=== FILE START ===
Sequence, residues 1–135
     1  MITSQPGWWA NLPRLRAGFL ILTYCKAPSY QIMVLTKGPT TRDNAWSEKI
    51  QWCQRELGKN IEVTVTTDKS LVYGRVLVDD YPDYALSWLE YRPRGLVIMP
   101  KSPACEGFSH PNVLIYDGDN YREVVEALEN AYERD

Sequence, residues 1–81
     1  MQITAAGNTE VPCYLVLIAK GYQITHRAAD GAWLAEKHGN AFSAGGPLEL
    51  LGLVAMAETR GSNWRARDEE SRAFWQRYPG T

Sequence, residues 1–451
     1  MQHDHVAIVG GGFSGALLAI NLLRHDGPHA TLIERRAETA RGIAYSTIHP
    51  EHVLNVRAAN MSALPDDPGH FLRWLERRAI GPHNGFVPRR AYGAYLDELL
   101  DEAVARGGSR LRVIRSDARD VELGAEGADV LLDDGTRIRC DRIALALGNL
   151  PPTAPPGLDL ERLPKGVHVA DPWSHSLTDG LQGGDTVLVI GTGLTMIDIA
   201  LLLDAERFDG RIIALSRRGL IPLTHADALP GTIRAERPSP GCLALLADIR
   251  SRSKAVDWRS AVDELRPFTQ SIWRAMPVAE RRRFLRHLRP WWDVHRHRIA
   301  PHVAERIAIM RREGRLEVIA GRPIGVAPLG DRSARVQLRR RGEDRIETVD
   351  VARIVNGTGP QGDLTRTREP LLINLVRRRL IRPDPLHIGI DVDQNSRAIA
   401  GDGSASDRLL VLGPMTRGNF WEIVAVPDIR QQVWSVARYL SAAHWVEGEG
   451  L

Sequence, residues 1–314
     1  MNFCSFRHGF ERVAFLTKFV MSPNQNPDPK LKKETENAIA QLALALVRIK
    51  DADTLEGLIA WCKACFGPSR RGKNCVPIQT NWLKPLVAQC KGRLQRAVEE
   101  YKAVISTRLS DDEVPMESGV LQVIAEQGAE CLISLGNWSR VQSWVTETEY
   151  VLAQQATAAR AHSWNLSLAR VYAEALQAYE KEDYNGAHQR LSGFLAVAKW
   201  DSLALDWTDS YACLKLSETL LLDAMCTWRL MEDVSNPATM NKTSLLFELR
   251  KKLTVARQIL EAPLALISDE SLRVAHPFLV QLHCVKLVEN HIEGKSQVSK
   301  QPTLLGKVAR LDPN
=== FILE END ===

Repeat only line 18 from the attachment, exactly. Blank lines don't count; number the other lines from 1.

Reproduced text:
   451  L